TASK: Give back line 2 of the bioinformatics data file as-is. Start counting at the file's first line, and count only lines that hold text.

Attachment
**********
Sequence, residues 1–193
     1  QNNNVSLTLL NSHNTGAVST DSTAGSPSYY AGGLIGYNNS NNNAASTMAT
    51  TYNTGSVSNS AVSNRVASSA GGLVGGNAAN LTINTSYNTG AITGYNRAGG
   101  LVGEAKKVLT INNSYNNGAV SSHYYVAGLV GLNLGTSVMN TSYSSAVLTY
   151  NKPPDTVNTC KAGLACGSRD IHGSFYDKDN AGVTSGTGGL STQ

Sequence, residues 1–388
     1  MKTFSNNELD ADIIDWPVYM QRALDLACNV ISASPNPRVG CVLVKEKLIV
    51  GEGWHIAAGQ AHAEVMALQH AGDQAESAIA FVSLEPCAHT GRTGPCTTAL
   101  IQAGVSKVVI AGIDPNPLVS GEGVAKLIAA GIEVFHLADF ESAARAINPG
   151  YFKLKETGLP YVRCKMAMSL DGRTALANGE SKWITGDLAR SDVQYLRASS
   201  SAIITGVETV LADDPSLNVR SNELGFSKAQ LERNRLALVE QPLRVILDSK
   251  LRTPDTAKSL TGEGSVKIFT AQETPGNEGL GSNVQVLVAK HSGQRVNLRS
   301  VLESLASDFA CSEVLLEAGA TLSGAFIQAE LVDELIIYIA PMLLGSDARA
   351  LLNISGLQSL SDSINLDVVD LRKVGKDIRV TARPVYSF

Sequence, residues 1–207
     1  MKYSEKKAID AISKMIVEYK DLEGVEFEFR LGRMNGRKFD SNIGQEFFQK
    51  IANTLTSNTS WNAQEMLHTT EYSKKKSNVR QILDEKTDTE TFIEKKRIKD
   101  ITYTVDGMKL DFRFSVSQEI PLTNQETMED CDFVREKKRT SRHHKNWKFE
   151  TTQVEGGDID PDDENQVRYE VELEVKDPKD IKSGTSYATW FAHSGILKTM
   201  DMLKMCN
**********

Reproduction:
     1  QNNNVSLTLL NSHNTGAVST DSTAGSPSYY AGGLIGYNNS NNNAASTMAT